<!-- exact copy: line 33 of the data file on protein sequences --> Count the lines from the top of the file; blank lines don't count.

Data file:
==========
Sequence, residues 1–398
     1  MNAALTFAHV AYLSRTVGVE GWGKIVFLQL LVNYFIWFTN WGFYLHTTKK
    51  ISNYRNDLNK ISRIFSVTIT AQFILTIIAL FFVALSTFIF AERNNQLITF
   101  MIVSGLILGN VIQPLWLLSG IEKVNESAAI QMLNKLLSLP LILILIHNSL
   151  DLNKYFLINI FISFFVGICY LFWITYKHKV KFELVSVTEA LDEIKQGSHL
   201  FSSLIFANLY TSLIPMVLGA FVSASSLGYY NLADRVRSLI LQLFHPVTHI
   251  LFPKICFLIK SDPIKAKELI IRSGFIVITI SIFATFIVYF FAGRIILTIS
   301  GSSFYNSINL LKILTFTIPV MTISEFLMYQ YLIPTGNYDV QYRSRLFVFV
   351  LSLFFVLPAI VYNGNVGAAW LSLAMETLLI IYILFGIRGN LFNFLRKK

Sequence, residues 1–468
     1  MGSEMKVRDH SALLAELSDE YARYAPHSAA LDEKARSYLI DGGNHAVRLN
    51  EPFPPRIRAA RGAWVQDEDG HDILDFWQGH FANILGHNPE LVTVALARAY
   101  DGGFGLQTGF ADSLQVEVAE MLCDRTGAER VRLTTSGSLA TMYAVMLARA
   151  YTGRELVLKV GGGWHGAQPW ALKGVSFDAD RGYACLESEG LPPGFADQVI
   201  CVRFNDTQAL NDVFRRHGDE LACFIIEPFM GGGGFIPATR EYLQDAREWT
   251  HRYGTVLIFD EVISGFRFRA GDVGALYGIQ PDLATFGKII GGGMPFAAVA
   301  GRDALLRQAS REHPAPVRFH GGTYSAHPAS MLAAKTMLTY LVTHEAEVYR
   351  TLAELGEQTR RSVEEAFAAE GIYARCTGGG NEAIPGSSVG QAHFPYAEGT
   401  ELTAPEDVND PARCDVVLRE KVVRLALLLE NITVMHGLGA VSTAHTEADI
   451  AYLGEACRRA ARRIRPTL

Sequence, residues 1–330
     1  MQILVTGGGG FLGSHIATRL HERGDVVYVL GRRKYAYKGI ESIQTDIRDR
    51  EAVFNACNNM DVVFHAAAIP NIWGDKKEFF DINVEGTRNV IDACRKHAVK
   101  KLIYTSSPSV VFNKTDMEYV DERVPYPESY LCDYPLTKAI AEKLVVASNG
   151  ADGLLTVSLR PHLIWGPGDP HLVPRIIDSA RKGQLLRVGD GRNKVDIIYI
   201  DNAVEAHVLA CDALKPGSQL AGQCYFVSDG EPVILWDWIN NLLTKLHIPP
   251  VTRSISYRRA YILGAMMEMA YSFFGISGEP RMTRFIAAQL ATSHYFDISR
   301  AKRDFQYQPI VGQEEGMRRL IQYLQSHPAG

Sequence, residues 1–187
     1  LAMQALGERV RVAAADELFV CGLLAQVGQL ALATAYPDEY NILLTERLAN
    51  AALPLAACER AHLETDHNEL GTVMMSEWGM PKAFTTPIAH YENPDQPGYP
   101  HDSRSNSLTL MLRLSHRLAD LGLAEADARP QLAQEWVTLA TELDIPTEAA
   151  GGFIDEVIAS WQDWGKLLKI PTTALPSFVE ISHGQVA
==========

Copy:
   151  GGFIDEVIAS WQDWGKLLKI PTTALPSFVE ISHGQVA